Climate change has become a focal point of urban planning in the U.S. and abroad as cities grapple with so-called sustainability. I've been a critic of many attempts to implement sustainability plans, not so much because I disagree with the intent as much as I believe the tools used to achieve sustainability are not particularly effective. They also tend to dismiss or neglect the fundamental role prices and market-based approaches will address many of these problems (as my article in Town Planning Review also points out).
So, when I heard UCLA economist Matthew Kahn's book, Climatopolis: How Are Cities Will Thrive in the Hotter Future, was out, I was curious about how a market-oriented approach might be used to frame urban policy toward climate change. Kahn's book is eminently readable and accessible to non-economists, written in a breezy, conversational style. The tone might be a bit light for many academics, but Kahn nonetheless effectively provides a fresh view of how cities will need to cope with rising temperatures. In addition, he explicitly addresses planning (particularly planning informed by scenario analysis) and its role in identifying relevant climate change adaptation and coping strategies.
Climate change skeptics will likely be disappointed because Kahn takes as given that global warming is occurring: it's coming and there's little we can do about it. The question, for Kahn, is what cities can do about it, if anything. I think the question motivating Kahn's book is the right one and gets us to another level in the discussion. (For the record, I also accept the conventional scientific wisdom that global temperatures are likely to rise over the next century despite the lack of significant warming over the last ten years.)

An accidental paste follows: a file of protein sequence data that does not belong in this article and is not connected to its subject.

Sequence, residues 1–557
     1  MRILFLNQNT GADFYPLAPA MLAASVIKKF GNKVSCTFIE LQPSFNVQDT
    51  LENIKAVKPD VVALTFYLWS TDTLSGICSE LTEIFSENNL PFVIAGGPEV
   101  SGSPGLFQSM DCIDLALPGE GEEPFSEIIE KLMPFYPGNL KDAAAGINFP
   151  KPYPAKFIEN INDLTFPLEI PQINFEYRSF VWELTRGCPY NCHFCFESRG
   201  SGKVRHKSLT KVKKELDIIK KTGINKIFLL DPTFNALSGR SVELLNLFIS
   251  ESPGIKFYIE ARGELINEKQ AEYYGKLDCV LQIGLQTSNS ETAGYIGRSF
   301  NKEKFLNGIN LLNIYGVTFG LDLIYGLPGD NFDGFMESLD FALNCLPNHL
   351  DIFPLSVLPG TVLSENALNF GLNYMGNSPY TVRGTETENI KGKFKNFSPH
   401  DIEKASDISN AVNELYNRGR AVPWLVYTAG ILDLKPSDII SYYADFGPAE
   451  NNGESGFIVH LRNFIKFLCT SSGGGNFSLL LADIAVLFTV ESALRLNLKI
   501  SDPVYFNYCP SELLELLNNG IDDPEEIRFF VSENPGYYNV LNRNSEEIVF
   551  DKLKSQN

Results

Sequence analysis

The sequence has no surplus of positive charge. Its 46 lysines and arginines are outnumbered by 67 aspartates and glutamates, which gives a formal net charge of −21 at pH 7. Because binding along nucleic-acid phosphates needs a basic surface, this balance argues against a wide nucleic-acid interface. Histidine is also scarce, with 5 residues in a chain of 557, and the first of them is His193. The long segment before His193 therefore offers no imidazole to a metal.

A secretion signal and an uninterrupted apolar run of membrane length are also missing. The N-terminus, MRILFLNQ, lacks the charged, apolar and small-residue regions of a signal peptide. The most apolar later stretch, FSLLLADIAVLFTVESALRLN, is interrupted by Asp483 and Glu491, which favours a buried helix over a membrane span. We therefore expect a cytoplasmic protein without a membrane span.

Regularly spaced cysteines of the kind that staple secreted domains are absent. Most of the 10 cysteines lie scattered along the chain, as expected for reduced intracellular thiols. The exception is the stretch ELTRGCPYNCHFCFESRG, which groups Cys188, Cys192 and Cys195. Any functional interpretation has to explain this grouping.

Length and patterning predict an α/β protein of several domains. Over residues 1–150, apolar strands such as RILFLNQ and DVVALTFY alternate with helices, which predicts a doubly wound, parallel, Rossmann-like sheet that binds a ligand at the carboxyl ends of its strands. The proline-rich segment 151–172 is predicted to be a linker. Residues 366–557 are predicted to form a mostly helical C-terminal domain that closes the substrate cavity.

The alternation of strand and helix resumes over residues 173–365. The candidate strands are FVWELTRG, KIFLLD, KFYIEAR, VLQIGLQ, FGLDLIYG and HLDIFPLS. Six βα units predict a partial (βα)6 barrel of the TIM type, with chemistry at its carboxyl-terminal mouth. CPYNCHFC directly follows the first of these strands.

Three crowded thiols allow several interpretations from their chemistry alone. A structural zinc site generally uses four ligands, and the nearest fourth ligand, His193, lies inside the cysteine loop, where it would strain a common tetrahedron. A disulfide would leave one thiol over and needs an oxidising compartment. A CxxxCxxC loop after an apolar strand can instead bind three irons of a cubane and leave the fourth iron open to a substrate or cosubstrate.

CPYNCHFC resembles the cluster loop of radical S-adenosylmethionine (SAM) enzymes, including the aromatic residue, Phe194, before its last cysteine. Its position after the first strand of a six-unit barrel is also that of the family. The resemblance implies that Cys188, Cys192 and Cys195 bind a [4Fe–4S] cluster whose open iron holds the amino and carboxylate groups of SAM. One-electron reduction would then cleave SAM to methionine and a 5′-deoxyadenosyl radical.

Unfortunately, planners might be inclined to dismiss Kahn's work believing at first blush his book is too late to the show: After all, aren't most cities now engaged in sustainability planning? Neglecting Kahn's book would be a mistake. I believe the core insight of his analysis is to show how the competitive position of cities will fundamentally change with global warming. Geography matters; it will matter a lot more in a warmer world than in the current cooler one. Hello Salt Lake City and Fargo, North Dakota; Good-bye Los Angeles and New York City.
Of course, it's not that simple, and Kahn does an admirable job of delving into the complexity of how changes in local climates will influence the relative competitive position cities and regions. Indeed, New York will likely survive, but it will have to invest substantially in coping and adaptation strategies. Fargo, on the other hand, will largely have to deal with new growth with relatively few adaptation strategies because it is well positioned to take advantage of the benefits of a more temperate climate.
What Kahn emphasizes in Climatopolis is that climate change policy (and sustainability for that matter) may not about universal or global policy strategies (although he favors adding a dollar or two to the gas tax). Too many cities are focused on general goals such as reducing overall carbon emissions and not enough on coping strategies, investments in adaptation, and planning (including zoning) that will be essential for their survival.
For Kahn, dealing with climate change is essentially about trade-offs and city-specific policies focused on adaptation, not global strategies that have little potential for being effective. How cities address these trade-offs will be a key to their ability to compete. For this reason alone, Climatopolis deserves to be on the book shelf, in the kindle, or on the iPad of urban planners.